Rip out an advertising image from a newspaper supplement and circle and write on as many parts of the image as you can. Comment on what it is, what it says about the product and why you think it’s there. You could use this as the basis for your assignment if you feel it’s taking you somewhere interesting. Or you could adopt this method for your assignment preparation.
Come back to this exercise when you’ve reached the end of Part Four and see if you can add anything to your analysis.
In undertaking the exercise I purposefully chose a magazine and advertisement that would be unfamiliar and to which would have no direct meaning for me. I felt this would allow a more forensic analysis of the visual and symbolic elements of the advert. For this reason I used an advert from a women’s magazine. As I leafed through a number of my wife magazines I was reminded of a line from Williams (1987):
“Adverts are selling us something else besides consumer goods: in providing with a structure in which we, and those good,are interchangeable ,they are selling us ourselves” pp13
The advert I settled on was at first identified because it was on heavy and glossy card within the magazine. Before I looked at the images there was a sense of increased value of the product this page was peddling. As shown on the can below I then set about analysis of the elements within the advert.
I separated the advert into a range of specific elements:
- Image, composition and use of colour
- Signifiers and Signifieds
- Message and connotation
Whether these are the right element or to I am uncertain, but they did aid me in deconstructing this advert.
Before getting into the detailed elements described above it is worth noting that there is a balanced and quite attractive composition to this advert. It has quite a classic and simple appeal in its aesthetic. Adde with the have duty pare and high quality printing (compared to the rest of the magazine, all this suggested something of quality, something standing out from the rest of the content I the magazine. The BJP has recently been printing some of its content on high grade paper/card and this advert had the same feel.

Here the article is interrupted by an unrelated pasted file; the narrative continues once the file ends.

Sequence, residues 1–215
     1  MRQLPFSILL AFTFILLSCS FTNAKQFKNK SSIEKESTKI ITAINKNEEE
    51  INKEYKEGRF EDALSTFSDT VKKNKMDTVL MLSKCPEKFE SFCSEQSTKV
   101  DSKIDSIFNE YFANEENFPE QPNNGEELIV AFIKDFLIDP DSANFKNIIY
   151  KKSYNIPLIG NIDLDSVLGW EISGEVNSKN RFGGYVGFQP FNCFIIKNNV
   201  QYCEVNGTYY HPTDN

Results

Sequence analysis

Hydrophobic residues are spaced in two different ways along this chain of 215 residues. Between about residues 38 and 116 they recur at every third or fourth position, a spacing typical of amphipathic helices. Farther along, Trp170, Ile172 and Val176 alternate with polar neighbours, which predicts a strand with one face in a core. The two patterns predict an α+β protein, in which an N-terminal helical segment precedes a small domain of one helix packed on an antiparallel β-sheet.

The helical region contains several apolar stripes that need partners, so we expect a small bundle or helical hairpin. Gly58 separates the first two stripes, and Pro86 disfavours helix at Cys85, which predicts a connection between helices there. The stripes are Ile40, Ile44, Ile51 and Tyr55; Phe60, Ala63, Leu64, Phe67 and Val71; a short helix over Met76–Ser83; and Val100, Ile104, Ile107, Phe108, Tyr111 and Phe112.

The text was simple, balanced in the composition and the font is simple and elegant. it reminded me of the 1920’s and appeared to be the same font as used in the collectors edition of Waugh’s Jeeves and Wooster novels. It is “modernist’ in the literate sense, a pre second world war serif less font. Key words are use to communicate a message:
A NEW LIGHTWEIGHT SPF FORMULA YOU WON’T EVEN NOTICE
FIRMER LOOKING SKIN THAT YOU WILL
The message is in capitals, YOU is used twice in the buyline, WON’T and WILL, stand out in the messaging. SPF FORMULA suggests the scientific, the technical, the significance of the produce. All are textual signifiers. The signed I take from this is personalisation, quality, scientifically proven and above invisible to others. A connotation is that of youth.
Other text tools add to the messaging. The Good Housekeeping Institute seal in the top right of approval. This signifier suggests endorsement by a trusted source.. The Olay Ageless logo and the AGELESS hashtag place the product in a particular brand space.